“When you aren’t here it’s like you died,” my 6-year-old daughter said during drop-off at her dad’s a few weeks ago. I crouched down to look her in the eyes, I kissed her hand, a routine before goodbyes, and told her, “I’m always here, I’m right down the road.”
Somewhere in between packing her favorite snacks in her lunch box, our visit to the aquarium, scooting around in the park, pizza night, rounds of Uno, puzzles, drawing farm animals, reading books before bedtime, somewhere between cookies and milk, I had gone and died.
Although it’s been a year of this back and forth the drop-off process can still make my heart deflate, to know my time with them has ended. Sharing time as a parent means that dreaded word: letting go. It means accepting your kid’s smiles are not yours every single day and managing the grief while longing for them. Co-parenting has involved lessons of treasuring the moment and making peace with imperfection, mastering drop-off, being OK with simply doing the best I can, along with some self-reinvention.
1. Re-connect to solo happiness
During the first months after dropping off my kids at their dad’s, I would go on long walks on the trails at a nature center near my home. These walks have become ongoing and therapeutic, to connect with the surroundings and to connect with my inner self. Sometimes, though, it would take a whole lap before I truly let my breath and said to myself, Everything is OK, while passing families walking together, or hearing the clomp of kids running on the boardwalk. I would imagine my own kids’ faces: my son Phoenix, 7 at the time, and his never-ending energy making ninja kicks against the boardwalk planks and rambunctiously pretending to fake a fall; Vivian pointing out a family of turtles or a lily pad, their playful movements reminding me that life keeps moving on.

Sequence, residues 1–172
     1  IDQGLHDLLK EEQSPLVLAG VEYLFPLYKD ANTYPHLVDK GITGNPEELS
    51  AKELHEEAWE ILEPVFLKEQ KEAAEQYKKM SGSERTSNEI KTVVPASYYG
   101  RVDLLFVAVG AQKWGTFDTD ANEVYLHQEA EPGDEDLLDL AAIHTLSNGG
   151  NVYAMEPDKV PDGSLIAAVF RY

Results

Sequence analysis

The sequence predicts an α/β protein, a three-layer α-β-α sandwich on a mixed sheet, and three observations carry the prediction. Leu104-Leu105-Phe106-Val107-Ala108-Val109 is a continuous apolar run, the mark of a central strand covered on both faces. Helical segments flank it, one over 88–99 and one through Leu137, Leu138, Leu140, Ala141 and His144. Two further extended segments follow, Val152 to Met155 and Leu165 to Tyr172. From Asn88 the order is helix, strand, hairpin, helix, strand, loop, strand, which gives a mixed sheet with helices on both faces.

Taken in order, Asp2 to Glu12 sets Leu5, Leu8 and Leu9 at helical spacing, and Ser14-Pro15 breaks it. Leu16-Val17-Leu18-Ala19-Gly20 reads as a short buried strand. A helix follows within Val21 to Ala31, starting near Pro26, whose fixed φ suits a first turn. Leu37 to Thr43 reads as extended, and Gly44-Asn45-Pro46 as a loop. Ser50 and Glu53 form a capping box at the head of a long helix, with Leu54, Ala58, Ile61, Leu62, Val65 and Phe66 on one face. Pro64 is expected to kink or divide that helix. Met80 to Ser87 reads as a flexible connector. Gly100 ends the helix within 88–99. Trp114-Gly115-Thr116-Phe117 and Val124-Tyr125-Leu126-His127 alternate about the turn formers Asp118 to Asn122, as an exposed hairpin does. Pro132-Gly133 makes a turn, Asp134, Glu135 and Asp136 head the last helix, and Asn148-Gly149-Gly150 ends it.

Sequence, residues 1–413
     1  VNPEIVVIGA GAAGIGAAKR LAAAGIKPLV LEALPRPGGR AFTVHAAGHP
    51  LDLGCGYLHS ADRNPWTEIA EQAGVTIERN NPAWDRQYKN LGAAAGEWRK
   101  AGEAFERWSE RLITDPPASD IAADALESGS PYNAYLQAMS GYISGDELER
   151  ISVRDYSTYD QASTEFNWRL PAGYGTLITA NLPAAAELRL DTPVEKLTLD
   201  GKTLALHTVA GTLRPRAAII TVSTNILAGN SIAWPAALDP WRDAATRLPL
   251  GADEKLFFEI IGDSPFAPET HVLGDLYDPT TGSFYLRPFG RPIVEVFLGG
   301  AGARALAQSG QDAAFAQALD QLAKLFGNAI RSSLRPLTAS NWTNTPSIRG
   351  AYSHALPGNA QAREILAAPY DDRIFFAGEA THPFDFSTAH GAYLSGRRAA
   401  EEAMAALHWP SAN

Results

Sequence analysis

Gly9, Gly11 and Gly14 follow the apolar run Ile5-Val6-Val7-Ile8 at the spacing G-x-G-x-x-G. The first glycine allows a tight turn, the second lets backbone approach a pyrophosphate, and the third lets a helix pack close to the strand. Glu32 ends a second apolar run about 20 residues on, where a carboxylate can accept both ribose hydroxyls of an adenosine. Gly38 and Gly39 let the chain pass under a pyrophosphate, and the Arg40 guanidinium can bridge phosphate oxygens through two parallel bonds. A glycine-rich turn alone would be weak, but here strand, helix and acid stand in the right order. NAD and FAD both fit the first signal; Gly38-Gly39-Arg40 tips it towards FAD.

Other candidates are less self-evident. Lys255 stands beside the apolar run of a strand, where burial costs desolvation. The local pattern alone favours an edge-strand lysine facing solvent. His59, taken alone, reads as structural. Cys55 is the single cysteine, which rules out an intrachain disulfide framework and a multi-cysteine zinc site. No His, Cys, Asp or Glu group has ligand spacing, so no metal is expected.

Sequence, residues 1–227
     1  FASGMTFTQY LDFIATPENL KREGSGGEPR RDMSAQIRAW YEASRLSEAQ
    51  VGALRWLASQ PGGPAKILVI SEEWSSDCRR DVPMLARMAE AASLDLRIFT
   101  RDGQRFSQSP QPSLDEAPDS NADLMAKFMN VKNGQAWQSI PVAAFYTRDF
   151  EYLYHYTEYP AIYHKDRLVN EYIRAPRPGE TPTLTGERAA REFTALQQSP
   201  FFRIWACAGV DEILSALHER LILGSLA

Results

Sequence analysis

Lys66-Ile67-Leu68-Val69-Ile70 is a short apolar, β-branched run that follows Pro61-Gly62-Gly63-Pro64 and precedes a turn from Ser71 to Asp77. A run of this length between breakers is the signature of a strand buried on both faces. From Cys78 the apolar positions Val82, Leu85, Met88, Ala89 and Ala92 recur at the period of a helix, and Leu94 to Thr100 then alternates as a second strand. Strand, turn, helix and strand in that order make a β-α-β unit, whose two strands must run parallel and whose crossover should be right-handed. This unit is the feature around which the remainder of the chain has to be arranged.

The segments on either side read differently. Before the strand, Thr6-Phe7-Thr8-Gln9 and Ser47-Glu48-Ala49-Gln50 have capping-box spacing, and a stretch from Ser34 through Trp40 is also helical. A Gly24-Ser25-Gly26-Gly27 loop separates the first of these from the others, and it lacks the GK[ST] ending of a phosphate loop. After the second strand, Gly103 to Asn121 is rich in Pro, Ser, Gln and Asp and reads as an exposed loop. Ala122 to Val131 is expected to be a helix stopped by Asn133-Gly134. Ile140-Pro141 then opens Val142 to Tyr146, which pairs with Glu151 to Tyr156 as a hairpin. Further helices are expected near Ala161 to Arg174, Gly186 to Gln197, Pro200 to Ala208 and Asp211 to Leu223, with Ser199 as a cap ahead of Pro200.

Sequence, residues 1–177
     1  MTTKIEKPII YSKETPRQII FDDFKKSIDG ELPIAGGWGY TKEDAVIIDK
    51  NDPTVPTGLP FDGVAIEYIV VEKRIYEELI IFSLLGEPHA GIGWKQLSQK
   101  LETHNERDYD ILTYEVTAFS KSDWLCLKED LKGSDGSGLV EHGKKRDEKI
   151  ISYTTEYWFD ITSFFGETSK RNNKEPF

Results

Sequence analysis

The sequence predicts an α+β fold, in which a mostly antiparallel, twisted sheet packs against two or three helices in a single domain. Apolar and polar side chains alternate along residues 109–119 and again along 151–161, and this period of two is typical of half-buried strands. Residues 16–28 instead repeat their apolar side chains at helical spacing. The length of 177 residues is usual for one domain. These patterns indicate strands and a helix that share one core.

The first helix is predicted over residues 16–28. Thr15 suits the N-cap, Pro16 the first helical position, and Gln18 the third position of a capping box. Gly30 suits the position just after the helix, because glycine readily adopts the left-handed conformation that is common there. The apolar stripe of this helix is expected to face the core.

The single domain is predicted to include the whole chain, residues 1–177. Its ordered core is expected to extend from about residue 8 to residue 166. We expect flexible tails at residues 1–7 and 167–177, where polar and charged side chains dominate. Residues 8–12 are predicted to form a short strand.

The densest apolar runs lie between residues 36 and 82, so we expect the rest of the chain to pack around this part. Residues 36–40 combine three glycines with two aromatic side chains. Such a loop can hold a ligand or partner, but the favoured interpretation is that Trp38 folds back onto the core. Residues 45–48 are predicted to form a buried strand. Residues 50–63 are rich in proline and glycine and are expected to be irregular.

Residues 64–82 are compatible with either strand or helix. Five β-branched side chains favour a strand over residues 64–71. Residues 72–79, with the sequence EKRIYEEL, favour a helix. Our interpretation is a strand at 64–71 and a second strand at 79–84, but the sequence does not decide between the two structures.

During my solo walks, I’d admire the wildlife in the pond and the long-stemmed flowers, decayed, leaning down, like a friend who understood that my pace was meant to be slow. I would process the new normal of being without my kids for a week-long stretch, I’d try to “let go” of my children in each step. I’d make plans to connect with forms of happiness that were positive and uplifting — visiting an art museum, spending time with a friend, writing in my journal some new goals, catching up on an inspirational podcast — to engage in ways that are nourishing to my well-being. It has helped me when I miss my kids.
2. Focus on ‘my week,’ not his
After drop-off, there’s that sting of not being there for every single thing anymore, but I have learned to put the focus on “my week” with the kids. While the scenery and structure of our family has changed, what hasn’t changed is my kids’ excitement to go to the science museum, make slime, try out some new Sharpies, or have pizza night.
I focus on the activities that bring joy to keep my rhythm as a parent who loves to venture out with my children. Although it is now for a party of three when we get our tickets for the zoo, I’m still their same mom, carrying water bottles, snacks, and a stuffed animal in my purse.